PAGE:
Home ownership: Good thing or not?

Mark Perry takes a look at The Downsides of Widespread Homeownership; Have Americans Overinvested in Housing? Probably.

Up until about 1995 the home ownership rate was below 65%. Since then it has taken a bounce to nearly 70%. This is in response to social pressure, backed by government policies, that owning a home was a ‘good thing’.

In the past, owning a home was the major capital investment for many. It was the means by which they could invest their income disguised as a housing expense. That provided a nest egg for retirement security that was acquired as a necessary use of money earned. Good thing to save money, isn’t it?

One problem is that the money in housing isn’t working. It represents a net reduction in overall economic efficiency. From 1890 to 1990, the return on residential real estate was just about zero after inflation. By putting pressure on housing, its value bubbled and that created significant returns that became common after 1990. This asset appreciation was not based on productivity gains or other solid value, only on market pressure.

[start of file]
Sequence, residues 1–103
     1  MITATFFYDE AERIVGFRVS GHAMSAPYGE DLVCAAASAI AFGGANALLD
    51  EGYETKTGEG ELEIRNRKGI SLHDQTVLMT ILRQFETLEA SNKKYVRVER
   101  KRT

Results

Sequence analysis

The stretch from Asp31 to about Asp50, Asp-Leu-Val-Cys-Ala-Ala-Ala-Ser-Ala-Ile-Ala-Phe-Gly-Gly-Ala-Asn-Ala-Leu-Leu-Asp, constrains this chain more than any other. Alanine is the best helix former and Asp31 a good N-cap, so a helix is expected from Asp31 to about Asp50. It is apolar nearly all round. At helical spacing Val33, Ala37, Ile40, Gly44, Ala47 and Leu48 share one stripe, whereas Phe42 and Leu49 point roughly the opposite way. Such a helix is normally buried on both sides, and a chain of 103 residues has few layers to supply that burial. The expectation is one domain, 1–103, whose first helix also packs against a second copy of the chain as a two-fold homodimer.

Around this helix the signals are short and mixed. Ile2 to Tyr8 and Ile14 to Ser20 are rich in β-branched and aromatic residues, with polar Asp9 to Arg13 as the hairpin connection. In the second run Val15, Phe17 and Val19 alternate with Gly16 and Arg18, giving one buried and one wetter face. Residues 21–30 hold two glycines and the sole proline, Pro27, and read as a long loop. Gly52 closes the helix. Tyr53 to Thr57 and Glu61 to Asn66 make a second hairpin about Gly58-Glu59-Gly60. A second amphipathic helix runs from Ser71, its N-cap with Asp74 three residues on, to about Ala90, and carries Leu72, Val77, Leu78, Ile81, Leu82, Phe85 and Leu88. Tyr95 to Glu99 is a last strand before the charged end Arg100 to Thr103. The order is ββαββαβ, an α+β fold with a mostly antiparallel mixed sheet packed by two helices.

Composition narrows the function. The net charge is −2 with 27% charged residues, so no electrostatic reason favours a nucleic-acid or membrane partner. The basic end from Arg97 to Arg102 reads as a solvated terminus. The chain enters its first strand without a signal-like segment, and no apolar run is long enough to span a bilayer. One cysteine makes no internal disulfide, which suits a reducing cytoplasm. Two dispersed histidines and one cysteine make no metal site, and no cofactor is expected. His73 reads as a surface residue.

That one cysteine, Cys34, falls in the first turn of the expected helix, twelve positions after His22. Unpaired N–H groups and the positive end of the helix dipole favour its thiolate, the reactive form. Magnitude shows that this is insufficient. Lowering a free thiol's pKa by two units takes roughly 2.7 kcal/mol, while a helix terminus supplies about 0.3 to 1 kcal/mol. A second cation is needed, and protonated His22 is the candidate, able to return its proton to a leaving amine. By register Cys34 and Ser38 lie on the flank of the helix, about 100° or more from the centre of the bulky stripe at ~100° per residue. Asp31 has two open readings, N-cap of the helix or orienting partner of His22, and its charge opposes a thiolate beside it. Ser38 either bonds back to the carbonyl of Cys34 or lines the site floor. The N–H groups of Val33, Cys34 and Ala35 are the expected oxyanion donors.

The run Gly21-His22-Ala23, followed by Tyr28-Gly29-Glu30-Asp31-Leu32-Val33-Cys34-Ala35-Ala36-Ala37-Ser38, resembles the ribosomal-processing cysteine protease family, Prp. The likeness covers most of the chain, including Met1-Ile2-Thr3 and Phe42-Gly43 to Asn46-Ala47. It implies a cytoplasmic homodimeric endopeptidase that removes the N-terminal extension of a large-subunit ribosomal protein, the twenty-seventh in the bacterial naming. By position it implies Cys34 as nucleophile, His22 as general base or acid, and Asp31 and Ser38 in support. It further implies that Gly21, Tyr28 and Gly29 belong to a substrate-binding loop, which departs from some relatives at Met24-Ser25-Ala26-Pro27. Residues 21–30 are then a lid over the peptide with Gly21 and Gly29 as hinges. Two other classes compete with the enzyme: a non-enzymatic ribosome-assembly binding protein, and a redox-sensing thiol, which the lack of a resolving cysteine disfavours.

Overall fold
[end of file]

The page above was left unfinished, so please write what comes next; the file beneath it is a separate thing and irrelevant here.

Perry also notes that owning a house ties you down. That tends to inhibit mobility in seeking better employment prospects. That is also not good for economic growth. Owning the home also changes politics – think of the famous California proposition 13 that froze property taxes. Being attached to a home also tends to promote land use regulations and other artificial constraints on development and change.

The point is that there are things to consider. The money pool has been big enough so that that home ownership, and the quality and extravagance of the homes owned, could grow significantly. But a part of that money pool was misdirected causing financial distress. In addition to that were consequences of the growth in home ownership that changed attitudes and positions that, in turn, created outcomes whose impact may not yet be completely visible.

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